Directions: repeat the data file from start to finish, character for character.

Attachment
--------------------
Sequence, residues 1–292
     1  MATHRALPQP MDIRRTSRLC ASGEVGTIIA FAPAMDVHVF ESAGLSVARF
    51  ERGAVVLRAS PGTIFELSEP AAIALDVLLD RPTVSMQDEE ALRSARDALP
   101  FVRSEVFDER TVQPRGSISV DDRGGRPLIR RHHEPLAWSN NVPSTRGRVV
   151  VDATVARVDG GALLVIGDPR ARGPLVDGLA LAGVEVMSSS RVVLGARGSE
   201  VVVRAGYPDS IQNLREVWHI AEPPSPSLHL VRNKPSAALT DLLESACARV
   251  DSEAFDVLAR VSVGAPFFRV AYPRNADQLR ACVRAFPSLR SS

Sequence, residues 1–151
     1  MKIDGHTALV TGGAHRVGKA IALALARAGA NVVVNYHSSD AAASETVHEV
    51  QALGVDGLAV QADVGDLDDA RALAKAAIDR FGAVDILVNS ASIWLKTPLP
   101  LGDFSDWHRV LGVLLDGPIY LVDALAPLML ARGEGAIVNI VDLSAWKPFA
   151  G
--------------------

Sequence, residues 1–292
     1  MATHRALPQP MDIRRTSRLC ASGEVGTIIA FAPAMDVHVF ESAGLSVARF
    51  ERGAVVLRAS PGTIFELSEP AAIALDVLLD RPTVSMQDEE ALRSARDALP
   101  FVRSEVFDER TVQPRGSISV DDRGGRPLIR RHHEPLAWSN NVPSTRGRVV
   151  VDATVARVDG GALLVIGDPR ARGPLVDGLA LAGVEVMSSS RVVLGARGSE
   201  VVVRAGYPDS IQNLREVWHI AEPPSPSLHL VRNKPSAALT DLLESACARV
   251  DSEAFDVLAR VSVGAPFFRV AYPRNADQLR ACVRAFPSLR SS

Sequence, residues 1–151
     1  MKIDGHTALV TGGAHRVGKA IALALARAGA NVVVNYHSSD AAASETVHEV
    51  QALGVDGLAV QADVGDLDDA RALAKAAIDR FGAVDILVNS ASIWLKTPLP
   101  LGDFSDWHRV LGVLLDGPIY LVDALAPLML ARGEGAIVNI VDLSAWKPFA
   151  G